Basic aspects of structure and classification of carbohydrates, alkaloids, steroids, plant pigments, vitamins, amino acids, proteins and nucleic acids.
Methods for primary structure determination of peptides, proteins and nucleic acids. Replication of DNA. Flow of genetic information. Protein biosynthesis. Transcription and translation. Genetic code. Regulation of gene expression. DNA sequencing. The Human Genome Project. DNA profiling and the Polymerase Chain Reaction (PCR).
Unit 7: Reterosynthetic Analysis (9 Hrs)
Basic principles and terminology of reterosynthesis, synthesis of aromatic compounds, one group and two group C-X disconnections, one group C-C and two group C-C disconnections.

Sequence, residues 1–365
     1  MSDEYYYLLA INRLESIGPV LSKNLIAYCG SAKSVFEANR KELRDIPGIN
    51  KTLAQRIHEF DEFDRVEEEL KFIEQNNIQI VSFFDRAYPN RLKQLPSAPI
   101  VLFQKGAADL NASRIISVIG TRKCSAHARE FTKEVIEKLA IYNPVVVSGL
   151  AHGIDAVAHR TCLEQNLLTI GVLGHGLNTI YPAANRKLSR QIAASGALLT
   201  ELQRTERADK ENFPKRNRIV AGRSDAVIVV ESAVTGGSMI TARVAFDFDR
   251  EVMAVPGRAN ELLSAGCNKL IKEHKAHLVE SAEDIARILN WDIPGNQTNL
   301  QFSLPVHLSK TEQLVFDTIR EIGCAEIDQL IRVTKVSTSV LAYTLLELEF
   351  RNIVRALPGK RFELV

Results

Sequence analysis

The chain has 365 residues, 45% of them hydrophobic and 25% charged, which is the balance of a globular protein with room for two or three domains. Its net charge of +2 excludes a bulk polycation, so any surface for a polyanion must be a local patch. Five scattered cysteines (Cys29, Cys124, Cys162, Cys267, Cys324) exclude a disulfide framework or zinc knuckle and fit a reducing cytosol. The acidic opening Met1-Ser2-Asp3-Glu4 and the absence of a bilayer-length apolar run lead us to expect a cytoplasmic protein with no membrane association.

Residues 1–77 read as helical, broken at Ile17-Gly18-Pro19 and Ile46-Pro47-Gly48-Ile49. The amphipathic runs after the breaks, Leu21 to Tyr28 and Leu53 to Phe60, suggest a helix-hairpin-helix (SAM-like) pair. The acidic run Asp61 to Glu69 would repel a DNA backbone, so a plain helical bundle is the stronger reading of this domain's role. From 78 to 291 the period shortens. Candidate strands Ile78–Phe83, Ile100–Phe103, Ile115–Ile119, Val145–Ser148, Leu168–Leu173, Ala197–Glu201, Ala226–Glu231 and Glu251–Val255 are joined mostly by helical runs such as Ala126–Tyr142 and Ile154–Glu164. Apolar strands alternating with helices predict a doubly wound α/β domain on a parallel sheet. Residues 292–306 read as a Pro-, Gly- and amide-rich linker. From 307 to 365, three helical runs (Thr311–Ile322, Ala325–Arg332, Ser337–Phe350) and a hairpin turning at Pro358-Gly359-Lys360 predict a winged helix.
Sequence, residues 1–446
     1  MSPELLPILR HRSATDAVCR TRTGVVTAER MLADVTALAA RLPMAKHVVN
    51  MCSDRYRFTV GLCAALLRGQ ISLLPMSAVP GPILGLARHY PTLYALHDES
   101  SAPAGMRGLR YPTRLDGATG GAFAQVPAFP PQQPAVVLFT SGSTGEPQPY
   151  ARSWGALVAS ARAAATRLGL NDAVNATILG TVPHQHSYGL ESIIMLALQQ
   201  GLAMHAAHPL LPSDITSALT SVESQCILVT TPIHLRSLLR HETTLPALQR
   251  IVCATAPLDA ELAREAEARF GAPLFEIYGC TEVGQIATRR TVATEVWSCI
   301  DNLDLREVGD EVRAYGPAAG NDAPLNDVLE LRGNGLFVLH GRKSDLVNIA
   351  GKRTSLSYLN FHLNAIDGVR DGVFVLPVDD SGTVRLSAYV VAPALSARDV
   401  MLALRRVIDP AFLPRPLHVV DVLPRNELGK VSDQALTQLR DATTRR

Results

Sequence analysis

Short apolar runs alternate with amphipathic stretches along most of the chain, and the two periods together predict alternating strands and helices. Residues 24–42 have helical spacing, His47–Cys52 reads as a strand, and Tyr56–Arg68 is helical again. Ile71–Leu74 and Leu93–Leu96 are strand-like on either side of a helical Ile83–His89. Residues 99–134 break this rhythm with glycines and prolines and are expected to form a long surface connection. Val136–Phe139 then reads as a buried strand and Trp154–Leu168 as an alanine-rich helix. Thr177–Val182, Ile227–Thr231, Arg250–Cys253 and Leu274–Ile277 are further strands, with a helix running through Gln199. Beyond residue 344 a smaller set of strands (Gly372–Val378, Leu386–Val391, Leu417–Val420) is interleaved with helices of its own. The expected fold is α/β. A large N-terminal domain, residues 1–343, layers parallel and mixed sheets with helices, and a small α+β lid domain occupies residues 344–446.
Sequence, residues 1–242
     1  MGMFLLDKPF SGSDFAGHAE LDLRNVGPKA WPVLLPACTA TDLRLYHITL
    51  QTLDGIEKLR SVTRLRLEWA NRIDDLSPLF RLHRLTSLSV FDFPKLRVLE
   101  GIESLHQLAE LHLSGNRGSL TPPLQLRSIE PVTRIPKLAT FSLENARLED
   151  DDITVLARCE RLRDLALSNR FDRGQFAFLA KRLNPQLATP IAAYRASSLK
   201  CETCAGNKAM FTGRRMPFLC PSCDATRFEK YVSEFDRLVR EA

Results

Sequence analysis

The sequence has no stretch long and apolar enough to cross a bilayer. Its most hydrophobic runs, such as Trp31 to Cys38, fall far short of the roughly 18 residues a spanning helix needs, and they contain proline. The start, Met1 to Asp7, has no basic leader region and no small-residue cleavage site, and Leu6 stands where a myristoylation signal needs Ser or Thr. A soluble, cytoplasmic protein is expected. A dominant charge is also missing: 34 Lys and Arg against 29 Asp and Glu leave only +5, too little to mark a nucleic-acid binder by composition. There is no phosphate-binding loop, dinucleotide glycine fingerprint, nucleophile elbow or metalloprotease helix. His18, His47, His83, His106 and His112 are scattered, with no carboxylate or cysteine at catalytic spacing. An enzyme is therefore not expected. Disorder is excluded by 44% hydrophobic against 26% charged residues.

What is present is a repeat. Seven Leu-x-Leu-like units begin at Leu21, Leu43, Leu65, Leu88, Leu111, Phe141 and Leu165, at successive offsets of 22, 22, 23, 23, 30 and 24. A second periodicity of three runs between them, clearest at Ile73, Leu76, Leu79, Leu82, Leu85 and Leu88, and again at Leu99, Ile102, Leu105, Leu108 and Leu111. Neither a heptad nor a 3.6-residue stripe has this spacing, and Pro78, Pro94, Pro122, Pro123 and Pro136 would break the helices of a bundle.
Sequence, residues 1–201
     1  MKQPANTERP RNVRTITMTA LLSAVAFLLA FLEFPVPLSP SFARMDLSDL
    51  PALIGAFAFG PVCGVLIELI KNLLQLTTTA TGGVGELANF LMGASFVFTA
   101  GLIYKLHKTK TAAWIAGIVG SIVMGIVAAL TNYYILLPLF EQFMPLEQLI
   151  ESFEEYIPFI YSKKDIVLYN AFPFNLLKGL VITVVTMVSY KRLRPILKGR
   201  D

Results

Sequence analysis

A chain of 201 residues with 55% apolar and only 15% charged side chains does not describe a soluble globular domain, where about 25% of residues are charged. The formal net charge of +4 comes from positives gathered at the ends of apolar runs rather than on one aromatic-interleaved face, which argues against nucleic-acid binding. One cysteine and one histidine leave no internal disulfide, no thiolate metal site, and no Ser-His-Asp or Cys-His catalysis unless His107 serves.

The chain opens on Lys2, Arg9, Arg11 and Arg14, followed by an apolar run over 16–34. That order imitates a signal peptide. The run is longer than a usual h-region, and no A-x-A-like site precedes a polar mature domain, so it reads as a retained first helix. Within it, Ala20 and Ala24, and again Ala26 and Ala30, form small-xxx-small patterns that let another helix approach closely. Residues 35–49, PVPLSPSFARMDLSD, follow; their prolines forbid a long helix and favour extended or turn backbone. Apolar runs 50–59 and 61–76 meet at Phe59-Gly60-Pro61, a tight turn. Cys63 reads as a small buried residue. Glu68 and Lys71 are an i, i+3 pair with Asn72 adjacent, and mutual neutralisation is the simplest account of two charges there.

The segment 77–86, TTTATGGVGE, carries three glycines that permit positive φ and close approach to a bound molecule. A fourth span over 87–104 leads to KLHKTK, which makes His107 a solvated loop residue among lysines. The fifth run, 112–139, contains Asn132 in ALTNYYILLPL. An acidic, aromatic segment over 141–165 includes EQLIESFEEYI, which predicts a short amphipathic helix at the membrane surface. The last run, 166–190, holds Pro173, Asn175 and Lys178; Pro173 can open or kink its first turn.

Amine and alkene synthesis, important strategies of retrosynthesis, functional group transposition, important functional group interconversions. Enantioselective synthesis of Corey lactone, Longifolene and luciferin. Umpolung equivalence, Peterson olefination, enolate formation, Ireland method.
Unit 8: Green Alternatives of Organic Synthesis (9 Hrs)
Principles of Green Chemistry, Basic concepts, Atom Economy, Principles of Green Organic Synthesis.
Green alternatives of Organic Synthesis: Coenzyme catalysed reactions, thyamine catalyzed benzoin condensation. Green alternatives of Molecular rearrangements: Pinacol-pinacolone and Benzidine rearrangement. Electrophilic aromatic substitution reactions. Oxidation-reduction reactions. Clay catalysed synthesis. Condensation reactions. Green photochemical reactions.